Committee: It is one of the few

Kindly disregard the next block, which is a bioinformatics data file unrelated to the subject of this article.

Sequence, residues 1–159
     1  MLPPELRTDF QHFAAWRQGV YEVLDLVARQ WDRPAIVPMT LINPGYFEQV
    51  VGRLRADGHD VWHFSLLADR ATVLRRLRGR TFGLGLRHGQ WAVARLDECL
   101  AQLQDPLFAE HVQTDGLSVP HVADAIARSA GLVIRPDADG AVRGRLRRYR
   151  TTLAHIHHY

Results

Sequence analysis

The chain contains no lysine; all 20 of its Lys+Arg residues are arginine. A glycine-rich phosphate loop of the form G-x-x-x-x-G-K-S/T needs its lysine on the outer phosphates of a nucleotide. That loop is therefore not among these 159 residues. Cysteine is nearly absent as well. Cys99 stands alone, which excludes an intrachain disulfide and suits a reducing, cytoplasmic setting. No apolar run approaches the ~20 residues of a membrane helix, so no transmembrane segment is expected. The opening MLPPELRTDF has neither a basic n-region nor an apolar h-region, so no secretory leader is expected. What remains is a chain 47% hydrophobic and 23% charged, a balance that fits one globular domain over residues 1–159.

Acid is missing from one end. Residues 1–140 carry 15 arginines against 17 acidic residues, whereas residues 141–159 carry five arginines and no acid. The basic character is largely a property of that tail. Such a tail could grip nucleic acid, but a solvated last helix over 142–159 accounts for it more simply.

Committee: Social, Humanitarian and Cultural Committee (SOCHUM)Topic: Tackling the issue of human traffickingCountry: FranceDelegate: Monica PontikidouDiscrimination based on sexual orientation and gender identity is undoubtedly one of the most crucial problems of our age and a gross violation of basic human rights. Even though today’s society has progressed significantly in many fields, racism and discrimination remainunsolved, which is unacceptable both on the basis of international laws and basic humanism and solidarity. Such problems result in intense violence and social unrest, threatening the lives and well-being of numerous individuals and undermining the coherence of society. As stated in Canada’s Constitution “Every individual is equal before and under the law and has the right to the equal protection and benefit of the law without discrimination”, making it clear that the country is truly paving the way towards eliminating this critical phenomenon.Canada became the first country outside of Europe to legalize same-sex marriage in 2005 with the groundbreaking Civil Marriage Act. It is one of the few countries worldwide that has legalized same-sex adoption and change of legal gender, having decriminalized same-sex sexual activity as early as 1969. Discrimination on the basis of sexual orientation and gender identity or expression in employment, housing, public and private accommodations is banned nationwide, through a number of revolutionary laws. Furthermore, the Canadian Human Rights Act guarantees the right to equality, equal opportunity, fair treatment and an environment free of discrimination, and members of the LGBT community are protected by the Federal Court of Canada and the Ontario Human Rights Commission. Other measures, including revised police training and sensitization, improved hate-crime data collection, protocols for ensuring the dignity and safety of transgender prisoners and anti-discrimination efforts in schools, were applauded by the United Nations High Commissioner on Human Rights. Despite the praise-worthy efforts of countries like Canada, sexual orientation and gender identity remain severe and controversial issues, which manifest in direct or indirect discrimination, caused both by the lack of legal framework and awareness on LGBT rights. The tendency to create stereotypes and the nurtured, preconceived ideas about anything that deviates from the norm, cultivate an environment of apprehension and distrust. The shining examples of countries like Canada that have managed to effectively reduce violence have a common basis of cohesive legal mechanisms, unequivocal laws protecting the rights of all citizens and a decisive national policy towards LGBT rights. All this is paired with efficient awareness-raising efforts, in a society based on humanism and equality. Unfortunately, such solutions can’t prove effective globally unless all countries radically eliminate the long-standing stereotypes and beliefs that trigger discriminatory behaviors, through an unbiased, multifaceted education of the public and direct legal reform. The global community still has a long way to go on this field and it is evident that immediate action must be taken to alleviate this complex phenomenon, not only through the ratification of relevant protocols, but also by adopting a humanitarian approach towards protecting the victims and prosecuting the perpetrators efficiently and systematically. Canada firmly believes that all nations need to update and review their constitutional and legal systems, so as to directly address the underlying causes of this issue. Therefore, we call upon member states to cater for the needs of victims of sexual orientation discrimination, in particular by legalizing same-sex marriage and child adoption, legally recognizing the rights of LGBT people, ensuring legal recognition of the gender identity of transgender people without abusive requirements and reforming non-discriminatory guidelines for the public and private sector. Canada strongly suggests that member states incorporate LGBT topics in mainstream education and that mass media actively support the LGBT community and condemn discrimination and violence, as a means to target prejudice and exclusion towards its members. Furthermore, my delegation urges all countries to make direct awareness-raising efforts, through public campaigns, cooperation with NGOs and other measures, while also providing members of the LGBT community with equal opportunities for education, work, legal representation and advancement. Most importantly, we should all realize that equal rights are not a privilege to be enjoyed by a selected few, but a necessary prerequisite for personal and social prosperity. In this respect, Canada is determined to offer its support to other nations, in order to put an immediate end to this most serious act of dehumanization and pressing issue of our time.